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Ashkhabad, 1921

The Back of Beyond, Contemptible Little Armies / Back of Beyond, 28mm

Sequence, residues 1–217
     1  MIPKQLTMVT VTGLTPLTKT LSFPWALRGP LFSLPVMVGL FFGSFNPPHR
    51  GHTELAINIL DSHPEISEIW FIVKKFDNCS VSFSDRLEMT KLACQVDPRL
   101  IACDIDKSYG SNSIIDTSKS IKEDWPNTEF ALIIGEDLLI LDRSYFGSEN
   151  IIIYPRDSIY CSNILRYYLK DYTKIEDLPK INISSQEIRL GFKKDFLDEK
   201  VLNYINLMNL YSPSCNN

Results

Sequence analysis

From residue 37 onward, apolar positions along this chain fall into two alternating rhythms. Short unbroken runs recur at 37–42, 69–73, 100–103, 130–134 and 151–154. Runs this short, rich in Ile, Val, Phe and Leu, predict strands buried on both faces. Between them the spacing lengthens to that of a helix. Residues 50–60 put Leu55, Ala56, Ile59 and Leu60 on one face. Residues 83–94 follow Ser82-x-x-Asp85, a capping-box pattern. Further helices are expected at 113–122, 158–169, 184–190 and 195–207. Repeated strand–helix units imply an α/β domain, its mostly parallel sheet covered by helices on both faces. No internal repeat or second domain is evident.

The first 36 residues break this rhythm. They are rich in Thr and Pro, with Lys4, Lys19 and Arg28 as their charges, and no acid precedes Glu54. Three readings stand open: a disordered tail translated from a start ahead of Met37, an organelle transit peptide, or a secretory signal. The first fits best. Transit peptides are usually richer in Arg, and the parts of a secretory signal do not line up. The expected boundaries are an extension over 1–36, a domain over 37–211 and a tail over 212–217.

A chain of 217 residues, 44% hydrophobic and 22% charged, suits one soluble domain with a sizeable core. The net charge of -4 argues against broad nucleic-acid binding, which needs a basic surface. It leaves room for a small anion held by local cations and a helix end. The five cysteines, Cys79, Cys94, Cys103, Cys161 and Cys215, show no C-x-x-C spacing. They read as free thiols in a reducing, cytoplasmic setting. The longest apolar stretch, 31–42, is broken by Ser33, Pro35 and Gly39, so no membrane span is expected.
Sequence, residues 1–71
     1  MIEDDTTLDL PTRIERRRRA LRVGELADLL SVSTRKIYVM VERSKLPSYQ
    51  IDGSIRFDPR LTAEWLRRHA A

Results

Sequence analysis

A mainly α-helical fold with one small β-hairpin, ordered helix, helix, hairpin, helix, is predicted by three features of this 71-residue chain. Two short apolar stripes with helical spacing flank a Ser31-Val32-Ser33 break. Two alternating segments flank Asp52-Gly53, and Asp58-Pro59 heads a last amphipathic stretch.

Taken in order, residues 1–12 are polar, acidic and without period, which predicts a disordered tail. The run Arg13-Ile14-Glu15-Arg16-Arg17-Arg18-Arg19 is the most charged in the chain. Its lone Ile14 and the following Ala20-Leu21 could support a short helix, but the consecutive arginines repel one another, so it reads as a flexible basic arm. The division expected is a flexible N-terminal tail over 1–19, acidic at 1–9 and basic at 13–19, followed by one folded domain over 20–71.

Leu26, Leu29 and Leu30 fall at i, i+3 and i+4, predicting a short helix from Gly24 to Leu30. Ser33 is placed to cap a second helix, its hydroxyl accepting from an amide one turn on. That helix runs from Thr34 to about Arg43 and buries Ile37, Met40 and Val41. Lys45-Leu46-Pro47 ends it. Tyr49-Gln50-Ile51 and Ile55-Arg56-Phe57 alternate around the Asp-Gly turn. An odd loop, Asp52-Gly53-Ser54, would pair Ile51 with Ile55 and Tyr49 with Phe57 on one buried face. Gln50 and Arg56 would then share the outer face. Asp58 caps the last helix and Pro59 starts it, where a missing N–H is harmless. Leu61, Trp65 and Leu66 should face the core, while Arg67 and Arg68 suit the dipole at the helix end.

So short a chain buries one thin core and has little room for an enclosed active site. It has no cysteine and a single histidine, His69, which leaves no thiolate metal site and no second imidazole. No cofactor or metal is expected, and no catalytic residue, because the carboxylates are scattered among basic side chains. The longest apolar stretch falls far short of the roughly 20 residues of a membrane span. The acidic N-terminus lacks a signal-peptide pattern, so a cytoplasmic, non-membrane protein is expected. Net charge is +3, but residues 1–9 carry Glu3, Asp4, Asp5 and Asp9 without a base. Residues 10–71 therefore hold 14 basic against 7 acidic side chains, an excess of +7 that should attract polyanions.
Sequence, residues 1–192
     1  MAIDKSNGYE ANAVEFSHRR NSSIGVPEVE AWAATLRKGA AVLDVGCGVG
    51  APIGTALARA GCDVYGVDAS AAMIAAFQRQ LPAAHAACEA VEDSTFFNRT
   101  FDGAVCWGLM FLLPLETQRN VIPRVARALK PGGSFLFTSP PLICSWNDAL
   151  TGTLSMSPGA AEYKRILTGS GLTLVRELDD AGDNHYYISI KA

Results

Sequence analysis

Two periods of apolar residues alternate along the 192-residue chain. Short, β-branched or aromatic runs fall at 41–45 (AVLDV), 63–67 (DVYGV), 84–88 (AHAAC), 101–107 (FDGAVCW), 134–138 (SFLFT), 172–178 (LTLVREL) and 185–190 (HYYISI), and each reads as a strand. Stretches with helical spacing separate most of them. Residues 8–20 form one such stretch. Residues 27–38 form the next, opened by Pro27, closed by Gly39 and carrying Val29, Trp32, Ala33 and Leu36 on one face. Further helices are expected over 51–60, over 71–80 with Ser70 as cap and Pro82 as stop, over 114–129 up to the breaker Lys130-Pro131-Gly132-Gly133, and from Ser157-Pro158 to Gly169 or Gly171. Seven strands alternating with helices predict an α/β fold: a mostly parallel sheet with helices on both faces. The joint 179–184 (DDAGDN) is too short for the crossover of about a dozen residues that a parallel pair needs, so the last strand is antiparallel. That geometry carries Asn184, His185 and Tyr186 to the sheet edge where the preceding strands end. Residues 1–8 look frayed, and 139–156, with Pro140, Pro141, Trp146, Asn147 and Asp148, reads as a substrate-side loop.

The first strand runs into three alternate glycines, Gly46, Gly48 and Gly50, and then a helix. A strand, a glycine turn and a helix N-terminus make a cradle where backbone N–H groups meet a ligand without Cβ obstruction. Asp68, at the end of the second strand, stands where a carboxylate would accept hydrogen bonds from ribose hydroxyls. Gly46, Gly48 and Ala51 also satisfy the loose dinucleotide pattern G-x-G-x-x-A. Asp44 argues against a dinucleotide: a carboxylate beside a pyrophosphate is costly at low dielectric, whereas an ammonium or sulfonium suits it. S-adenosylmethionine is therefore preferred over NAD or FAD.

This week we revisited our Back of Beyond campaign – loosely based on the Central Asian theatre of the Russian Civil War. The game involved a Red Army assault on the city of Ashkhabad, which was defended by the local Emir and his guard. The fly in the ointment for the Bolshevik player came in the form of a Turkish army, which was marching to the relief of the Muslim city.bob-april-2009-02The stage was set for a three-cornered contest, with the Red Army commander having to split his forces to meet both threats. In the end he divided his troops fairly equally, half assaulting the city, and half countering the advance by the Turks.bob-april-2009-01The battle began with a Red cavalry assault on the Turkish forward positions, but the riders were driven off by machine gun fire. They then lost their sole armoured car. Both sides fed more troops into the battle, and the Red Army actually went over onto the attack, its force spearheaded by a unit of Siberian Rifles. While they relied on rifle fire to win the day, other Red units and their Turkish counterparts closed to fight it out hand-to-hand.bob-april-2009-26This was a bit of a mistake for the Reds, as the Turkish troops were slightly better quality, and had the edge in melee. Within a few turns the Turks emerged battered but victorious. Even a last-minute assault by Trotsky’s Guards (resplendent in their red leather uniforms) failed to stem the tide.bob-april-2009-20The Bolsheviks did much better against the defenders of Ashkhabad. They stormed into the town, and a Turcoman counter-attack was thwarted by one of the last remaining units of Red cavalry. However, the Bolsheviks lost a lot of casualties in the process, and it soon became clear that they lacked the strength to root out the last of the defenders – at least before the Turks reached the city. At that point the Red Army commander conceded, and pulled what was left of his army to fight another day.bob-april-2009-09As ever, we used Chris Peers’ Contemptible Little Armies rules (and the army lists supplied in his Back of Beyond supplement). The only change to the printed rules came through our use of aircraft – we modified the existing system to allow more enjoyable dogfights. In our game the Turkish pilot emerged victorious, and I’ll be painting a little red star on the side of his machine before his next outing! The Turks were mine (that’s their  rather familiar-looking portly commander in the photo below), while the Reds and the locals came from the collections of Emir Colin Jack and Comrade Bill Gilchrist. You can never go wrong with Back of Beyond – the games always have plenty of flavour and colour, and are hugely enjoyable.bob-april-2009-08



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